I'm a researcher at a university and work in a shared office, where the placement of my desk gives the people moving behind my back an unrestricted view to my screen and papers. I'm self-conscious when reading or writing, especially if it's any kind of planning or note taking. I'm concerned that anyone seeing my unfinished work would think that I'm stupid and incompetent. I feel the same in meetings and seminars, where I would like to make notes of what is presented, but there's always people sitting next to me, seeing my notes.

My anxiety for being watched also makes me unable to use headphones to block the usual office noises, as it would make me unaware of my surroundings. Unable to concentrate and think, my work has reduced to mechanical tinkering with irrelevant details.

I cannot move my desk and there's no other office space available. I've tried working later than my office mates, but when I finally have the office to myself I'm too exhausted to be productive anymore. I've tried working at home, but I would not have access to all the resources I need and I would loose my only social environment.

Yes, every psychologist and self-help book would say that everyone is too occupied with their own work to care about mine. I don't doubt that's true, but that does nothing to ease my anxiety.

Can you suggest anything? I would like to go to therapy, but I can't afford it. I'm not even entitled to the occupational health services or assistance from my superiors, as I'm technically not employed by the university (it's complicated, please don't ask me to explain).

  • You haven't gotten to the bottom of this if you, i.e. you have not investigated the reason for this. Too bad you say you can't go to a therapist but the only thing that really helps is getting to the why of your anxiety and learning how to deal with that. There are no easy tricks. The thing to investigate is how to get professional help.
    – user8036
    Commented Sep 6, 2017 at 11:22
  • It may be that I don't feel safe in my work environment. I can't concentrate on my work when every sound and move around me seems to catch my attention. Commented Sep 7, 2017 at 15:08
  • 1
    Is this about Academia or the Workplace, by the way? Commented Sep 21, 2017 at 21:09
  • I think in my comment I forgot to mention music or white noise and discreet earbuds. Can be quite helpful. Commented Sep 21, 2017 at 21:10
  • @aparente001 Yes, this is very much about Academia and Workplace SE, but they seem reluctant to discuss these kinds of problems. // As you can read from my OP, I have already ruled out headphones. Earbuds are no different, because they would also leave me anxious that someone may be standing behind by back. Commented Sep 22, 2017 at 6:09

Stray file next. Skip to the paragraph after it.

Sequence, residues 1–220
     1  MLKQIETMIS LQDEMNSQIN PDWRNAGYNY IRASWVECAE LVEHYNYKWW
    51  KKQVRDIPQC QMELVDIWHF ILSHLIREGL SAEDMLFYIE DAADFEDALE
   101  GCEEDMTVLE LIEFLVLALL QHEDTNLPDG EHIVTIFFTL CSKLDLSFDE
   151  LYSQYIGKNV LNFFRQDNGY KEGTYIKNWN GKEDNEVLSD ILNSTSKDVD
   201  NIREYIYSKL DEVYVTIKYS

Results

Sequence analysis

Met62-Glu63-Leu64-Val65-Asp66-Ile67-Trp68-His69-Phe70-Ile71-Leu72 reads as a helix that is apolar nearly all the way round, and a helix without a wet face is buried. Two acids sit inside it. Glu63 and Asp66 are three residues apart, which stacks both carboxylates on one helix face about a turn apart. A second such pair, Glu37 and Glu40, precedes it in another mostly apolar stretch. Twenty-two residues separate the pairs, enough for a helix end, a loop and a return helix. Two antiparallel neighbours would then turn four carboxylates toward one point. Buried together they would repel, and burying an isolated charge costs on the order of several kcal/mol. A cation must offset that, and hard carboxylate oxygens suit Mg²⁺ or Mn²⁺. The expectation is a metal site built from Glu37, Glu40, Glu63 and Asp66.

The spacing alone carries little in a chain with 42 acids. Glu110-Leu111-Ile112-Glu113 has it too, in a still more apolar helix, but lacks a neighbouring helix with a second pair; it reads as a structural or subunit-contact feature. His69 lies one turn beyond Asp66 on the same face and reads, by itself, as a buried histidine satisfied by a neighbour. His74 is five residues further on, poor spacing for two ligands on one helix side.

3 Answers 3


If there are rational reasons for hiding your screen, you can apply a privacy filter to your screen. Then you have to be exactly where you sit to be able to view your screen's contents.

If there are no rational reasons, then CBT may be a solution.

  • I'm not sure about rationality, but I do have a need for privacy. I would like to keep my diary, e-mails and websites to myself. A privacy filter would certainly help on that, but it would have to be removable to allow me to show things on my screen when needed. I'm also concerned that a filter could be taken as a sign of distrust by my office mates, which may have some unwanted consequences. I agree on CBT and whish I could have it. Commented Sep 8, 2017 at 15:00
  • You may be suffering from General Anxiety Disorder (GAD), a common condition. You can successfully and easily apply CBT yourself without the help of a professional. There are books and online services for this.
    – Gruber
    Commented Sep 10, 2017 at 8:13

I am in a similar situation. Just this semester the school where I work moved me from a private office to a shared one. I am not worried about the privacy of my work since my desk is far away enough from others. It's the distraction of all the normal noises that kill my productivity. Even simple things like eating at my desk is uncomfortable especially when other instructors have students coming in who invariably want to talk to me too--just because I am there.

I have been taking medication for OCD for over 20 years and this is one area where it has not helped. I'm simply easily distracted. I have tried the headphones but can not afford one for $100-$150 dollars so perhaps they simply aren't made well enough to block the noise.

One thing I have thought about that might be an option is purchasing a room screen--yes it screams (Don't bother me!) but I'm at that point. I'll just put a sign on it that reads, "I've been bad and they put me in jail!" They make a 50 x 70 for $60-70 and a half screen for about the same amount on Wayfair.com and other similar web sites.